Carly Rae Jepsen, Owl City's Adam Young Sued for Allegedly Stealing 'Good Time'
The hit song was allegedly taken from an Alabama songwriter whose own tune was featured on MTV shows.
Mega-selling singers Carly Rae Jepsen and Owl City's Adam Young as well as several publishing companies and performing rights groups are being sued in a new copyright infringement lawsuit filed in California federal court.
The claims come from Allyson Nichole Burnett, an Alabama-based singer and songwriter who authored the 2010 song, "Ah, It's a Love Song."
In Burnett's lawsuit, she says that Young, Matt Thiessen and Brian Lee have copied a prominent motif of her song to create the pop hit "Good Time," released by Owl City and Jepsen in June. The disputed song reached No. 8 on the Billboard Hot 100 and was also played repeatedly during NBC's broadcast of the 2012 Summer Olympics, according to reports, in shows like 90210, Parks and Recreation and The Office, and in trailer ads for the film Hotel Transylvania.
Jepsen is best known for her chart-topping summer smash "Call Me Maybe," while Owl City's "Fireflies" hit the No. 1 spot in late 2009.
Song theft lawsuits are on the rise, but this one, authored by THR power lawyer Neville Johnson, is filled with details about musicology and contains other idiosyncrasies.
According to the complaint, the hook in Burnett's song is a "unique vocal motif" that is repeated throughout the song and "has a catchy pop vibe that both draws people in and sticks in people's heads."
The song, on Burnett's album The Takeover, has been on sale in record stores and on digital outlets since 2010 and the lawsuit says it has also been licensed to MTV for the shows The Hills and Friendzone.
According to the complaint, "Defendants' extensive access to 'Love Song' is sufficient to trigger the 'inverse ration rule,' whereby a reduced standard of proof of substantial similarity is required when a high degree of access is shown. However, the substantial similarity between the Original Motif and the Copied Motif... is striking under any standard of proof."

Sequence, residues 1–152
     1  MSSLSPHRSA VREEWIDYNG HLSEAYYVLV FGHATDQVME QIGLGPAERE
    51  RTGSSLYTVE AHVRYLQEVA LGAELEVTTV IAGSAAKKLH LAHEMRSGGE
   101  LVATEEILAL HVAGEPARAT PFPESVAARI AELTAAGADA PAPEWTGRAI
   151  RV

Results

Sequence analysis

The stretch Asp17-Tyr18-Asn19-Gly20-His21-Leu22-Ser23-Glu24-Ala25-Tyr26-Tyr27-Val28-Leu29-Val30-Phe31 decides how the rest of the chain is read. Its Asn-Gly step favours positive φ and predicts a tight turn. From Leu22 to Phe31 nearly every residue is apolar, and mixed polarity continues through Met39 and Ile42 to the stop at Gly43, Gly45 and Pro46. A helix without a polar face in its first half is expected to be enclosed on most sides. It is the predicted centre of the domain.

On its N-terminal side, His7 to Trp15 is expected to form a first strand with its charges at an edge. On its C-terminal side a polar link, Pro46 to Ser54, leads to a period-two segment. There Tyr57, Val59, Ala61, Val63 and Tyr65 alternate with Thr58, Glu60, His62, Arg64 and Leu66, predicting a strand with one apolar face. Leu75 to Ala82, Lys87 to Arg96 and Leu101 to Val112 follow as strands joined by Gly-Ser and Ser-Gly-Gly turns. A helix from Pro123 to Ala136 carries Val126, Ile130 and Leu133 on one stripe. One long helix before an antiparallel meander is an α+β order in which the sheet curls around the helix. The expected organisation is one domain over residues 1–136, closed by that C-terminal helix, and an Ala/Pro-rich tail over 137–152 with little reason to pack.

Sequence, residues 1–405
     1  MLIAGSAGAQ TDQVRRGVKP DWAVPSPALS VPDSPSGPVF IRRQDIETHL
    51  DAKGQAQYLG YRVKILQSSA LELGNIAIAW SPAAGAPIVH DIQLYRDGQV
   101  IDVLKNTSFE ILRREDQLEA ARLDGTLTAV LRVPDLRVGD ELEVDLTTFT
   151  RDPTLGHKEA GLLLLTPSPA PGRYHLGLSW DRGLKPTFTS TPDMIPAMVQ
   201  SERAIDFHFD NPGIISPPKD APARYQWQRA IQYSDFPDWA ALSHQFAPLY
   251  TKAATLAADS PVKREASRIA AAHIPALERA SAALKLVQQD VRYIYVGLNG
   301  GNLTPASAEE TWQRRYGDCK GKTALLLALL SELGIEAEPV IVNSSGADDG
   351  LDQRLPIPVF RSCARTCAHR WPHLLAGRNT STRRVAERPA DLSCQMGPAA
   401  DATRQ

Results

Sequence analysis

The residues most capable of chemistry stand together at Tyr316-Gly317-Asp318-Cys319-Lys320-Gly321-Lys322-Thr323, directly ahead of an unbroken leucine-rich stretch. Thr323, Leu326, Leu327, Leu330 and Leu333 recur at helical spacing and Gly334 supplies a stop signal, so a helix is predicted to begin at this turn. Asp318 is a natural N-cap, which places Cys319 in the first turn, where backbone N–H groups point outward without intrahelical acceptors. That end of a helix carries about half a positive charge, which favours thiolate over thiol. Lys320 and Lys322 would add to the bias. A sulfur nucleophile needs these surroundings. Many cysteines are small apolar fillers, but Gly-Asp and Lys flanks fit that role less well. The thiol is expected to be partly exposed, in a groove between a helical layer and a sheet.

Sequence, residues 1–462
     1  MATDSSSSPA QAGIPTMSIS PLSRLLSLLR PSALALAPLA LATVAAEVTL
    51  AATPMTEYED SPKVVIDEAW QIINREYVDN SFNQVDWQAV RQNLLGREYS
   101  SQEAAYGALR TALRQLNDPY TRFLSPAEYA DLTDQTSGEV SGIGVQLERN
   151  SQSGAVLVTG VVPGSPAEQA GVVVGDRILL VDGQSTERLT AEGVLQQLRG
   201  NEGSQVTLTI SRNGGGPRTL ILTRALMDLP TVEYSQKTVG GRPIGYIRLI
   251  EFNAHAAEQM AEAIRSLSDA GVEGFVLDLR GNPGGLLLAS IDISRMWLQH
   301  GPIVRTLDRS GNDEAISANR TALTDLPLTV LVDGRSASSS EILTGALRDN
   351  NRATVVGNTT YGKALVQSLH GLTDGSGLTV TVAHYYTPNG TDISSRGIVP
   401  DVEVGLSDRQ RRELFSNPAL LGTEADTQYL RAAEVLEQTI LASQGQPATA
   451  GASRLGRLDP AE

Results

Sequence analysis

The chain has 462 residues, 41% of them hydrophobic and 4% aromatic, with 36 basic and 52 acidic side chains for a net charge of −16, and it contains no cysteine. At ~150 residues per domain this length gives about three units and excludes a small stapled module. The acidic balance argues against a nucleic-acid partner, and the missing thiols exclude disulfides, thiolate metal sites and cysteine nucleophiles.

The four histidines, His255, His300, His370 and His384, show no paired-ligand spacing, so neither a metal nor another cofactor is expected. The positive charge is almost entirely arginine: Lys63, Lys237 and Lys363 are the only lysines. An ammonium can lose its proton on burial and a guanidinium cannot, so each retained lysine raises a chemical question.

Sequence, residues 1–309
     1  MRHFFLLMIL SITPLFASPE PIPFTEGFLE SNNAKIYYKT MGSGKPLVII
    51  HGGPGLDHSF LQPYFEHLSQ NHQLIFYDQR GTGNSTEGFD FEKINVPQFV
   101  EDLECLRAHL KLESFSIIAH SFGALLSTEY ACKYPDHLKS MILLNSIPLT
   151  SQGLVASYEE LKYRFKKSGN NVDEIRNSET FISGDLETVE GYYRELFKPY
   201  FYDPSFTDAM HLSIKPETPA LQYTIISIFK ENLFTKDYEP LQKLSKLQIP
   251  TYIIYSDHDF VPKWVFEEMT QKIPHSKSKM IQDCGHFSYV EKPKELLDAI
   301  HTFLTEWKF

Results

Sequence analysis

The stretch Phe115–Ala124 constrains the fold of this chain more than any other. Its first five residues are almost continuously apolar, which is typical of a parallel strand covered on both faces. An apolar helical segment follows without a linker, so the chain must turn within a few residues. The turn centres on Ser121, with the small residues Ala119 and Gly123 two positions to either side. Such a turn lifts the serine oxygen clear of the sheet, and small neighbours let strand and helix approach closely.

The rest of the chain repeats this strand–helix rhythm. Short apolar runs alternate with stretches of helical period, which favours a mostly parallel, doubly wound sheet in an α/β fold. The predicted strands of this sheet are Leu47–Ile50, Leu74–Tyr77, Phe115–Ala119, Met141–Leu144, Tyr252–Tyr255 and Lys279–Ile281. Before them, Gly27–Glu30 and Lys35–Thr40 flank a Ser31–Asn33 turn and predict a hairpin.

The lawsuit then gets granular with respect to the alleged similarities of the two songs.
Burnett's song is in the key of F while "Good Time" is in the key of E flat, but other shared features are noted, including an identical pitch sequence (5-3-5-3-2), melodic contour (down, up, down, down), rhythmic construction (8th rest, 8th note, 8th note, 8th note, 8th note, 8th rest, quarter note), timbre (textless vocals) and so forth.
Here's a copy of the complaint. The two songs can be heard below.
Burnett, who sometimes performs as Ally "Cupcake" Burnett, is alleging copyright infringement and playing up the alleged damage suffered. She says in her complaint that "many consumers may incorrectly assume that Burnett copied her own Original Motif from the Infringing Songwriters due to the widespread popularity and publication of 'Good Time.' Burnett's reputation as an independent artist will be significantly damaged by such incorrect assumptions."
Further, Burnett says she has "suffered emotional and psychological damage" from fans asking why she copied the Jepsen-Owl City hit, although there isn't any specific cause of action pinned to her distress.
Besides the musicians named above, Universal Music Group, Songs Music Publishing and Schoolboy Records are named as defendants.
Somewhat unusually, the lawsuit also drags ASCAP and SESAC, two entitities that collect performance royalties, into the dispute.
"Plaintiff is entitled to a constructive trust over all profits and royalties collected and held by the Royalty Distributors," says the lawsuit. "Alternatively, the Royalty Distributors should be required to interplead all profits and royalties collected and held by them into the registry of this Court."
Reps for Jepsen and Young haven't responded to requests for comment.
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